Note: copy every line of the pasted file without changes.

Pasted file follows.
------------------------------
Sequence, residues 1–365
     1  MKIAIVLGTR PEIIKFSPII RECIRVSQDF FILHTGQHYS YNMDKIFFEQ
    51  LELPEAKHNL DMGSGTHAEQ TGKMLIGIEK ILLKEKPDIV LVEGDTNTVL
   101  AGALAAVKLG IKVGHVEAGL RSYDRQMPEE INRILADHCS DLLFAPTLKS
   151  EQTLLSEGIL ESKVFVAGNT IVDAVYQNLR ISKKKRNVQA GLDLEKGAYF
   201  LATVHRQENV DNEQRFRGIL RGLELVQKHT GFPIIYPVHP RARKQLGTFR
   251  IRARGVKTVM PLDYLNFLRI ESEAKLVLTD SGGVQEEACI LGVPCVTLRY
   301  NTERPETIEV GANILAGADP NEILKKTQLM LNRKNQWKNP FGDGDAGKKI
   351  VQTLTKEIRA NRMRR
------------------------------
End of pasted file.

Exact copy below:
Sequence, residues 1–365
     1  MKIAIVLGTR PEIIKFSPII RECIRVSQDF FILHTGQHYS YNMDKIFFEQ
    51  LELPEAKHNL DMGSGTHAEQ TGKMLIGIEK ILLKEKPDIV LVEGDTNTVL
   101  AGALAAVKLG IKVGHVEAGL RSYDRQMPEE INRILADHCS DLLFAPTLKS
   151  EQTLLSEGIL ESKVFVAGNT IVDAVYQNLR ISKKKRNVQA GLDLEKGAYF
   201  LATVHRQENV DNEQRFRGIL RGLELVQKHT GFPIIYPVHP RARKQLGTFR
   251  IRARGVKTVM PLDYLNFLRI ESEAKLVLTD SGGVQEEACI LGVPCVTLRY
   301  NTERPETIEV GANILAGADP NEILKKTQLM LNRKNQWKNP FGDGDAGKKI
   351  VQTLTKEIRA NRMRR